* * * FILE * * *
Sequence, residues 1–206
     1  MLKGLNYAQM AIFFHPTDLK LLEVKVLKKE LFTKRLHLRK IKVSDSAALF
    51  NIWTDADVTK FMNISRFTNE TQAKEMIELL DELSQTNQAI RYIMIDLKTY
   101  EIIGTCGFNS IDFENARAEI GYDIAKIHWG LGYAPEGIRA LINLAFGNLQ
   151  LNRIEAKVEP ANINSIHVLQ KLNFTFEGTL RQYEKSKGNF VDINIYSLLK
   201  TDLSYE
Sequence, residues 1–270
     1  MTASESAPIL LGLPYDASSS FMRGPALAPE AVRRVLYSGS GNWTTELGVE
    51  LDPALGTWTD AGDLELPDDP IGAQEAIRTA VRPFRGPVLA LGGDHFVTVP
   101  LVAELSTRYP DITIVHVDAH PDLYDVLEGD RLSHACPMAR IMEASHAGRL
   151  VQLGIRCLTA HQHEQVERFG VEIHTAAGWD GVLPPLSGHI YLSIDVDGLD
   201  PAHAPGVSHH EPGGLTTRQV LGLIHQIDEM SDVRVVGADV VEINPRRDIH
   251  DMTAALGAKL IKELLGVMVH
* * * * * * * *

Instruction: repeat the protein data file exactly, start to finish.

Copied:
Sequence, residues 1–206
     1  MLKGLNYAQM AIFFHPTDLK LLEVKVLKKE LFTKRLHLRK IKVSDSAALF
    51  NIWTDADVTK FMNISRFTNE TQAKEMIELL DELSQTNQAI RYIMIDLKTY
   101  EIIGTCGFNS IDFENARAEI GYDIAKIHWG LGYAPEGIRA LINLAFGNLQ
   151  LNRIEAKVEP ANINSIHVLQ KLNFTFEGTL RQYEKSKGNF VDINIYSLLK
   201  TDLSYE
Sequence, residues 1–270
     1  MTASESAPIL LGLPYDASSS FMRGPALAPE AVRRVLYSGS GNWTTELGVE
    51  LDPALGTWTD AGDLELPDDP IGAQEAIRTA VRPFRGPVLA LGGDHFVTVP
   101  LVAELSTRYP DITIVHVDAH PDLYDVLEGD RLSHACPMAR IMEASHAGRL
   151  VQLGIRCLTA HQHEQVERFG VEIHTAAGWD GVLPPLSGHI YLSIDVDGLD
   201  PAHAPGVSHH EPGGLTTRQV LGLIHQIDEM SDVRVVGADV VEINPRRDIH
   251  DMTAALGAKL IKELLGVMVH